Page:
Cullip: China Could Revolutionize Harm Reduction

Martin Cullip (Photo: Tobacco Reporter archive)

China has the potential to revolutionize global tobacco harm reduction now that its government has asserted authority over e-cigarettes, according to consumer advocate Martin Cullip.

On Nov. 26, China’s State Council on Nov. 26 amended the country’s tobacco monopoly law to include vapor products, which means that vaping products and their manufacturers will be regulated by the Chinese government under the same process as cigarettes.

The announcement triggered feverish speculation about the impact of the new rules, with some commentators fretting that tobacco rules would put vapor companies out of business and others welcoming the prospect of enhanced product safety and quality.

Writing in Filter, Cullip points not only to the vapor industry’s economic significance to China, but also to the potential domestic health benefits of sensible regulation. China, argues Cullip, has a lot to gain from financially from domestic harm reduction, when the country’s high smoking prevalence in an aging population creates heavy costs in health care and lost productivity.

Cullip is also encouraged by China’s willingness and ability to stand up the World Health Organization, which remains ideologically opposed to tobacco harm reduction.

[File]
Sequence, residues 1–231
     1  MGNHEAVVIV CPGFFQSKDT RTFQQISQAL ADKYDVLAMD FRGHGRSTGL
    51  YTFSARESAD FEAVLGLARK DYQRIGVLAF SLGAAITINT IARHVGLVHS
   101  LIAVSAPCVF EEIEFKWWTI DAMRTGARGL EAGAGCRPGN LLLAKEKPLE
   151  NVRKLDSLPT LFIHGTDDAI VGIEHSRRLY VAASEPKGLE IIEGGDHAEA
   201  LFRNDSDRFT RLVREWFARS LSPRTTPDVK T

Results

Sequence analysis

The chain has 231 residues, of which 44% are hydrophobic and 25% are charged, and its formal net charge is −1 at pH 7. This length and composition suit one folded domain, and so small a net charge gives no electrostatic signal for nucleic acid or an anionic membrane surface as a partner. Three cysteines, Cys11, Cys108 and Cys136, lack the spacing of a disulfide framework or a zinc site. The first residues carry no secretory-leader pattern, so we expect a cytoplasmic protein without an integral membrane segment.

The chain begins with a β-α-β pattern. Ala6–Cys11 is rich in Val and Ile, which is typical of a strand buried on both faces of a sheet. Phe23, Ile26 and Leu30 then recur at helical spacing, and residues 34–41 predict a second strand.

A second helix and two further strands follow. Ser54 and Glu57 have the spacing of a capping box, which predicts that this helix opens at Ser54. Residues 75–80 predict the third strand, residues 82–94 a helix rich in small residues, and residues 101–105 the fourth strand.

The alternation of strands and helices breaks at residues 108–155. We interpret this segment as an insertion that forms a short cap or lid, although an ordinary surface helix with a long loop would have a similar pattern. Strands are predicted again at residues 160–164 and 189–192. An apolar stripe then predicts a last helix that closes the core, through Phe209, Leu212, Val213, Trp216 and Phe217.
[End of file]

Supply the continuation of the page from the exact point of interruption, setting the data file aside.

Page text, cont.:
While the government would seem to have much to gain from blocking the growth of safer alternatives such as e-cigarettes and tobacco-heating products—the state-owned CNTC sells more than 40 percent of the world’s cigarettes—there are many incentives for the government to push things in an entirely different direction, according to Cullip.

China manufactures the vast majority of the world’s vape products. More than 170,000 businesses engage in e-cigarette production and the supply chain, employing around 3 million people. The CNTC is also the world’s biggest holder of tobacco harm reduction patents, owning almost 27 percent of all related patent publications.

“It is difficult to imagine the government strangling the market—even if this is motivated more by profit than by its citizens’ health,” writes Cullip.